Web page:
The emergence of multi-drug resistant tuberculosis (MDR-TB) defined as combined resistance to the two most effective anti-tuberculosis drugs, rifampicin and isoniazid, threatens to create a public health hazard of unprecedented proportion. The fact that MDR-TR is more difficult and expensive to cure creates the need for prompt diagnosis. Conventionally, the proportion method on Lowenstein Jensen (L J) medium is used in most developing countries as the ‘gold standard’ in the drug susceptibility testing of Mycobacterium tuberculosis (MTB) and it takes 3-4 weeks to give results from an MTB culture. The use of phage as a diagnostic is fast gaining ground today. It involves targeting viable MTB cells from culture with a specific mycobacteriophage. After a one-hour incubation, it is treated with an antivirus to destroy the phages that are not protected with the bacilli. Upon addition of cells of growing, non-pathogenic Mycobacterium smegmatis (sensor cells), progeny phage from the MTB cells infect the sensor cells, thus amplifying the effect of the phage. When plated in an agar medium overnight, plaques occur in the cell lawn indicating the presence of viable MTB in an original sample. A comparison is made between the number of plaques produced in a drug-free control and a sample incubated in the presence of the drug. While the presence of plaques beyond a cut-of point indicates drug resistance, the absence of plaques indicates that the drug destroyed MTB cells. Overall accuracy from several trials so far conducted is put at 97-98% compared with the ‘gold standard’. With the phage amplification method, antituberculosis drug susceptibility results are obtained from MTB culture within 48 hours as opposed to the L J proportion method, which gives resulted in 3 to 4 weeks. Also, phage, as a diagnostic, is much more applicable in Nigeria laboratories than newer, rapid methods which requires specially dedicated instrumentation and are therefore very expensive. Phage amplification technology requires no special equipment and the results can be read visually.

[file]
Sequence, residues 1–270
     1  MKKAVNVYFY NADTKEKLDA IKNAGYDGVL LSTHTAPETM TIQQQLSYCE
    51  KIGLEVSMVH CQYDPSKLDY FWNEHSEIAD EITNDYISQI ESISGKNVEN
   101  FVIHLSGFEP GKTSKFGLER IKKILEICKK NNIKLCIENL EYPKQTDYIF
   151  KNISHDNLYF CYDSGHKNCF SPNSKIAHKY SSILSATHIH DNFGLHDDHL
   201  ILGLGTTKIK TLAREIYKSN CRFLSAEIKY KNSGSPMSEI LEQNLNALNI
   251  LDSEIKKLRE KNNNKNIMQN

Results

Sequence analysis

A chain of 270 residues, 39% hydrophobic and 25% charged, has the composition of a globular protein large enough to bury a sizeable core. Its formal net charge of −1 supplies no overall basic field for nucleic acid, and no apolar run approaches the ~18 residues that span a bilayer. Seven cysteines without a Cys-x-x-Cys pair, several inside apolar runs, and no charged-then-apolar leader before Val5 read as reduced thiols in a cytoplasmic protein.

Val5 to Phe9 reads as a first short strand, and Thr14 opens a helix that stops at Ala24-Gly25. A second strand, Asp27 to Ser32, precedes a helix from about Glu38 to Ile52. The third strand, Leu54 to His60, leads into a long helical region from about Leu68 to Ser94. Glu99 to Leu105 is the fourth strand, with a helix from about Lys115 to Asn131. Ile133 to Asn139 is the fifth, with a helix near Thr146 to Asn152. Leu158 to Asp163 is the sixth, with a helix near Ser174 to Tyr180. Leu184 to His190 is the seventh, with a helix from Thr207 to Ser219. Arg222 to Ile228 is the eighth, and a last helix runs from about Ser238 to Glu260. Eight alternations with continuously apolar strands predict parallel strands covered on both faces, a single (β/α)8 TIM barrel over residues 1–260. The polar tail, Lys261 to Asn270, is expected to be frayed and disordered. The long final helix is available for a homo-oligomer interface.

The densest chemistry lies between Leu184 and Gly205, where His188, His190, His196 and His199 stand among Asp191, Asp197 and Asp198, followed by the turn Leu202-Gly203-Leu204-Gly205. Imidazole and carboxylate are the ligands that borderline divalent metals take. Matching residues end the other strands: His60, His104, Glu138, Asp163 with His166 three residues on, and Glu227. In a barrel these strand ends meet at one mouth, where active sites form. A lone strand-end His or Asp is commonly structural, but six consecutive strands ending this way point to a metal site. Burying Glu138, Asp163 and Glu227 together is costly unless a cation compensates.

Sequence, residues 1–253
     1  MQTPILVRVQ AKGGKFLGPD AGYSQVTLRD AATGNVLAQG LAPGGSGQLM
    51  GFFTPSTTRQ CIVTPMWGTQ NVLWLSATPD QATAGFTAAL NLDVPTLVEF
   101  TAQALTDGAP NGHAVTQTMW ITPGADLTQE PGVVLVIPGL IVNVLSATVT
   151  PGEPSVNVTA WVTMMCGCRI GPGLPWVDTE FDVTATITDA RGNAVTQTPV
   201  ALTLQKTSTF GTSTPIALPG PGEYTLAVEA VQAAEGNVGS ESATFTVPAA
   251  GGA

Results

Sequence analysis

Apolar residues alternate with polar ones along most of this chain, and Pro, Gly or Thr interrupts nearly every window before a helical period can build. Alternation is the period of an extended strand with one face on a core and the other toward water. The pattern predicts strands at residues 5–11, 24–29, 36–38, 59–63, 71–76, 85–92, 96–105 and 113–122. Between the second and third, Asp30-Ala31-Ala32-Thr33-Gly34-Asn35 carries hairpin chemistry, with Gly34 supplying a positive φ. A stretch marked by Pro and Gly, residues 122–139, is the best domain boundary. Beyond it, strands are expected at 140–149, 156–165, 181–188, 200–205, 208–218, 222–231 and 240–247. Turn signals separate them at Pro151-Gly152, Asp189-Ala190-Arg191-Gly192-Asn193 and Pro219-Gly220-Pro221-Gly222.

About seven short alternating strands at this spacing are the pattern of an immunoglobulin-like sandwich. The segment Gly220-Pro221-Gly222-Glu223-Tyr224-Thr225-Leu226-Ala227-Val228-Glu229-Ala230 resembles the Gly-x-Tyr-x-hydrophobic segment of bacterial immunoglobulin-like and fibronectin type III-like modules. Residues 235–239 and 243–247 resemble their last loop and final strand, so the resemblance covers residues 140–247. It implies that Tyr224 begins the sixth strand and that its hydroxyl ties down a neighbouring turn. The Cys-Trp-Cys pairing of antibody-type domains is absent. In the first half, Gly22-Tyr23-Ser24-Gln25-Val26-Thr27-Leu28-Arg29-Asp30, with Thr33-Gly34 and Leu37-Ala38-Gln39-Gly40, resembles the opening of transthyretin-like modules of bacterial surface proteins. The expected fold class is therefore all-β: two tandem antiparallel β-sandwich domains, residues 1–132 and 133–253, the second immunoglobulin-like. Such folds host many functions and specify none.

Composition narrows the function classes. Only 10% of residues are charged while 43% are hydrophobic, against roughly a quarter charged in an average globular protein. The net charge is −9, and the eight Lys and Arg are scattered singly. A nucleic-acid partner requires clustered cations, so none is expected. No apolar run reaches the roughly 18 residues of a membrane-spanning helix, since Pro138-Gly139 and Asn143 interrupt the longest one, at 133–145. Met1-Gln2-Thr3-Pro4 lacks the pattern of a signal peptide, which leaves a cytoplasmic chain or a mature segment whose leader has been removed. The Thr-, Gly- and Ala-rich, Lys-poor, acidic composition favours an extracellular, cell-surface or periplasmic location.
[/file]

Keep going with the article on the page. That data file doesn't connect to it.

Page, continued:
Key words: Tuberculosis, drug susceptibility, phage, treatment, FASTPlaque-TB, rifampicin
(Af J Clinical & Exp Microbiology: 2003 4(2): 67-78)